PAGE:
[ C l a n . A n a l o g u e ]
[ t e x t . o n l y . v e r s i o n ]
by rush madder
It may sound like a clandestine, white supremacist group with its own arcane language, but Clan Analogue is no One Nation wannabe. Rather, it is Australia's largest electronic arts collective, an organisation committed to spreading the electronic word through sound, vision and ideas.
Formed in the early 90s in Sydney, Clan Analogue is a collective of artists, musicians, designers and programmers that have come together to share their interest in the electronic arts. Since its humble beginnings as a group of six guys checking out keyboards in a suburban loungeroom, the Clan has spread out throughout Australia like a computer virus, with members in nearly every state. Along the way, Clan members have held countless live events, released seven CDs, four EPs, a video, produced radio programs and kept a constant presence on the Web at their home location http://clananalogue.org
Clan Analogue has had a influential role in the development of Australian electronic music in the 90s with such disparate artists as Atone, Infusion, Southend, BooBoo, Sherif Lindo, B(if)tek, Nerve Agent, The Telemetry Orchestra and Hypnoblob all having released tracks on Clan Analogue recordings at some time in recent years. The collective has worked with such avant-garde personalities as John Rose and Terence McKenna while supporting national tours for the likes of the Young Gods and OnU Sound. The Clan also boasts an exciting history in live music production, with years of experience in producing club nights at venues such as the Bentley Bar, Mr Goodbar and the now defunct Blue Fox in Kings Cross.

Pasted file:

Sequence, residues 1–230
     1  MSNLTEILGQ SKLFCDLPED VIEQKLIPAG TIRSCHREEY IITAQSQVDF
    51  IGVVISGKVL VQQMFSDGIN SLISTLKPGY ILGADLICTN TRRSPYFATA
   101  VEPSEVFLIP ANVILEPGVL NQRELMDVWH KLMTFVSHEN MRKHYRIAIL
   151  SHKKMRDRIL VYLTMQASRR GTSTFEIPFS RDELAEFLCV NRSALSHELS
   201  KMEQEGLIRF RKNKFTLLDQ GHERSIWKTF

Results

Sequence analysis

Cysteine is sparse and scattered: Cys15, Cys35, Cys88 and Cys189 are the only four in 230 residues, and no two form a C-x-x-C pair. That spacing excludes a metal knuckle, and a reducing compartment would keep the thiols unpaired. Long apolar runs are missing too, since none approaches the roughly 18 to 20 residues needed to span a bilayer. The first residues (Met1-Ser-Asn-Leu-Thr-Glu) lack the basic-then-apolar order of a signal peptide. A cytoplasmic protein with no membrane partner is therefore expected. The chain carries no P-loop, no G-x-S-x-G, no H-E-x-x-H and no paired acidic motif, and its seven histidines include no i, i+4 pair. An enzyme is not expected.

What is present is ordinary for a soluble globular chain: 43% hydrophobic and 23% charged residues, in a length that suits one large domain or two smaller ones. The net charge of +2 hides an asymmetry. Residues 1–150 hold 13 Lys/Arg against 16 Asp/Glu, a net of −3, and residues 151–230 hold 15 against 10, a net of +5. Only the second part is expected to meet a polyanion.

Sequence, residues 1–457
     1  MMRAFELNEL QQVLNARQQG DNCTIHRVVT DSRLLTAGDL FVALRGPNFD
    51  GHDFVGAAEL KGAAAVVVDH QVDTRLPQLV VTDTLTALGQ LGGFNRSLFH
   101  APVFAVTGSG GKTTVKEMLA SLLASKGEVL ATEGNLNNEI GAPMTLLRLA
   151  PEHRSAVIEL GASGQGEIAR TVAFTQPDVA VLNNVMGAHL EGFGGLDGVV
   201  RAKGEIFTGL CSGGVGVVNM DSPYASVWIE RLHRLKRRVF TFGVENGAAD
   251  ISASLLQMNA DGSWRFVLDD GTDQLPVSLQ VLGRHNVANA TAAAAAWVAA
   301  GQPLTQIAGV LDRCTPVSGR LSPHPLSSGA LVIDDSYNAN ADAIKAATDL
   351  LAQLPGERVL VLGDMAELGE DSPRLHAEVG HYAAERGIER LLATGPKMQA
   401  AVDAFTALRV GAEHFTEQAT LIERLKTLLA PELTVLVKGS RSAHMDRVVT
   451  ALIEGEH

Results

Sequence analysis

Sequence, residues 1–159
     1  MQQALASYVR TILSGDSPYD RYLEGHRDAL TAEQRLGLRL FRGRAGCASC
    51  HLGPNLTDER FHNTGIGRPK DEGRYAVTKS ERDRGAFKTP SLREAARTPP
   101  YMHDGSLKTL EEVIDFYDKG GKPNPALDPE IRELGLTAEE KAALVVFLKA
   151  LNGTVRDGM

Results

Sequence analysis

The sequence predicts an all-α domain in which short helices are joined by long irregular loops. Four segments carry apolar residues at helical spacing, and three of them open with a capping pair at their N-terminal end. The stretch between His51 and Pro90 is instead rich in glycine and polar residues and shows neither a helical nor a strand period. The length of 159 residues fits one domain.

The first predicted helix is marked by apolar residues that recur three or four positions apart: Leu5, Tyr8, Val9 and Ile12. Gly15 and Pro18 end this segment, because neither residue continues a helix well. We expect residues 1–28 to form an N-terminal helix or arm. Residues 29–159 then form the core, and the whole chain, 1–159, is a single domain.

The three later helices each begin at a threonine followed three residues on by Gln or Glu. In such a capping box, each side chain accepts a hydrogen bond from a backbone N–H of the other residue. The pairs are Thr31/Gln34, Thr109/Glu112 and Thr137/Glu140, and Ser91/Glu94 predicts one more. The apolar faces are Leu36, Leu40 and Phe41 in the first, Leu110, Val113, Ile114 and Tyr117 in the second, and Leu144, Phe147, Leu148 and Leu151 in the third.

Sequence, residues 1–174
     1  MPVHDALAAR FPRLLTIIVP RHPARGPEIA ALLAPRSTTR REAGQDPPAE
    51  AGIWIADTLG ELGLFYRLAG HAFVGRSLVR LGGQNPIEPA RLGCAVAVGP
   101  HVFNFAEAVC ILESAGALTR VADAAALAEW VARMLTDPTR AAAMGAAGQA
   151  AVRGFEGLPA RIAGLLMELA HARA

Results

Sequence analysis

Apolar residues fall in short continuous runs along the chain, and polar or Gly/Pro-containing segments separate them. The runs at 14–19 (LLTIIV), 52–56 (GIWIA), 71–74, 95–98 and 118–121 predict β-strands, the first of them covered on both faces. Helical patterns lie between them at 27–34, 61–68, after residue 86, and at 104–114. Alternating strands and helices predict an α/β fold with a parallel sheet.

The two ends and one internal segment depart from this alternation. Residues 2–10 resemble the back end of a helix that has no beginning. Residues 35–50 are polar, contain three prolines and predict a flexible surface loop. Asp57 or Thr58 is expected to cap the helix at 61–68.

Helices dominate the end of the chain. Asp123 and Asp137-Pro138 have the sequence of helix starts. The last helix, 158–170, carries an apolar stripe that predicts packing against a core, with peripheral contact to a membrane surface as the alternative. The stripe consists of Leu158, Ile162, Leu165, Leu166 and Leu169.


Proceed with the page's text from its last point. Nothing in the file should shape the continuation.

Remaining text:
1998 has been a hectic year for Clan Analogue with two CD releases so far, exciting domestic and international press attention, involvement in a new consortium of Australian labels called Sunblock and a new distribution deal just signed with Festival records. The collective is riding high on the critical bandwagon with the release of the second album from Sydney-based dub electronica act Atone -- "Crucified, Stitched Up And Then Some" -- which has established that band at the forefront of Australian electronic music.
I managed to hook up with a few of the members of the Clan after one of their meetings on the top floor of a dilapidated warehouse overlooking Sydney harbour -- Toby Grime, one of Clan's founding members; Andrew Jones, a member of the Telemetry Orchestra¹ and Clan's label manager, Gordon Finlayson.
SEVENMAG: Why did you start the Clan?
TOBY: The initial aims of the collective were to establish a coherent network of electronic music composers so that self-published works on vinyl and CDs could become a reality. The extreme lack of support for anything electronic in Australia was the initiative that this group of people experienced and wanted to do something about. It was also to enable artists to perform live in clubs and at events that were usually more suited to DJs -- as it was important to create support for local composers to enable crowds to experience their work first hand and to realise that amazing electronic music was being created under their very noses.
SEVENMAG: So, what's this analogue thing about?
GORDON: The reference to analogue equipment really comes from an interest in old analogue synthesisers made in the 70s and 80s. The reference to analogue is more of a statement of the collective's roots than a strict definition of current directions, but at the same time I think that there's a shared love in the Clan for the warmth of the old Roland, Korg and Moog synths that you just don't get in contemporary digital keyboards. There's no way you're going to find a new keyboard that has any of the style of an old modular synth like a Roland System 100, or the wood paneling of a minimoog, although I do have to admit that manufacturers such as Nord have been covering huge ground in order to bring back the sounds of yesteryear -- without the wood.